The situation regarding the future world of work is somewhat more balanced and open. Barbara Gerstenberger from Eurofound (European Foundation for the Improvement of Living and Working Conditions) discussed the direction in which things could go in this regard, and here, too, digitization, understood in a broader sense, plays a major role. She pointed out that the positive or negative benefits of digitization are related to its use in the workplace. For example, digitization can help motivate people but also discourage them, it can encourage learning but also create passive learners. Digitization can increase autonomy in the workplace or limit individual decision-making, give more meaning to work but also disempower the employer, increase safety in the workplace or the opacity of work processes.
Virtual medicine as a supplement to personal doctor-patient contact
A similar situation can be seen in the medical context. Already today, telemedicine is used to provide medical help regardless of where a patient is. Artificial intelligence is also already being used (e.g., in the examination of birthmarks). During the discussion, Julia Welzel (Expert in Dermatology) assumed that this digital and virtual component will become even stronger and that avatars of people would be conceivable, which would represent the characteristics and bodily functions of the corresponding real person. Positive aspects of such a development are the improved diagnostic possibilities, and a sound use of resources, both human and material. However, the negative aspects, which were discussed, should not be forgotten. Here, the doctor-patient relationship plays a particularly important role. Personal contact is decreasing due to increasing virtualization, which can cause fears, worries and doubts. This makes successful treatment difficult.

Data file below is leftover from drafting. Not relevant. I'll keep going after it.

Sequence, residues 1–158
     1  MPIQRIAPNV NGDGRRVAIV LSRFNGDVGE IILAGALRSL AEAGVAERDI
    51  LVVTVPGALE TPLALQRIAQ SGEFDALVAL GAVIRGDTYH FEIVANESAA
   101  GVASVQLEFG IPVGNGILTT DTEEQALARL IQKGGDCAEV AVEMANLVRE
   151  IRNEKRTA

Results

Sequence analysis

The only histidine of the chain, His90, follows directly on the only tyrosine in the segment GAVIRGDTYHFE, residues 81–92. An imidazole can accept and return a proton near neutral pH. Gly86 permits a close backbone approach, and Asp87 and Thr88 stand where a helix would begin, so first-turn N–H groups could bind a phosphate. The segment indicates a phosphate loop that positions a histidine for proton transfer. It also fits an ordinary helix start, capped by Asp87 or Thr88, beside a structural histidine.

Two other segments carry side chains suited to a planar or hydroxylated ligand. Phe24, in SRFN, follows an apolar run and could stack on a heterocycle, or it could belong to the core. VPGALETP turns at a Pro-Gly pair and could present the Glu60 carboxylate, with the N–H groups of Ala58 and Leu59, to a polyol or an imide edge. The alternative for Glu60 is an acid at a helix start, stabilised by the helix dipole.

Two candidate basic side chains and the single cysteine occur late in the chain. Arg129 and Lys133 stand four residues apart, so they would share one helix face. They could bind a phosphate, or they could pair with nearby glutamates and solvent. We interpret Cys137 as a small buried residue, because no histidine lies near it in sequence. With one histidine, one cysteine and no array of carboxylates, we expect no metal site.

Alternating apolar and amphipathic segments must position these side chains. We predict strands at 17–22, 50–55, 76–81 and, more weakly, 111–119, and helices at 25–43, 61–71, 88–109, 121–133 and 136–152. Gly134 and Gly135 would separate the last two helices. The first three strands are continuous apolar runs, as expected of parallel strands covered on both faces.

Artificial intelligence (AI) – more than just targeted advertising
Computer scientist Shahram Dustdar is certain that virtually everyone who uses the Internet comes into contact with AI. This can be seen, for example, in the use of Google or YouTube, in which the software and advertising circuitry are linked and which is thus far more than just the listing of desired data. There is already plenty of positive as well as negative criticism of this current use of AI in the field of computer science. But what role will this play in the future? In this discussion, it seems important to mention that humans are actively involved in what AI learns from humans. Bullying, hate comments, and the focus on monetary systems thus lead to the promotion of AI in this direction. The task, according to Dustdar, is for humans to become aware of what image of humanity they want to portray and pursue, and they must act accordingly.
The critical approach of the experts towards the risks of the developments in their fields was striking; yet all the reports were also shaped by the conviction that human beings acting in these fields can make a change and that humanity is not entirely determined by the technological development it provoked. All of them stressed the opportunity of conscious and responsible handling of technology and highlighted the need for careful education and academic teaching in these fields in order to augment awareness for a deeper and fuller understanding of what makes human beings truly human. This was very encouraging, firstly for future interdisciplinary cooperation in search of engagement for a humane future. Secondly, the results showed also that it is worth making the effort, as theological ethicists, to continue developing a broad and deep vision of the human being, in spite of all epistemological and ethical difficulties in describing what constitutes us as human beings.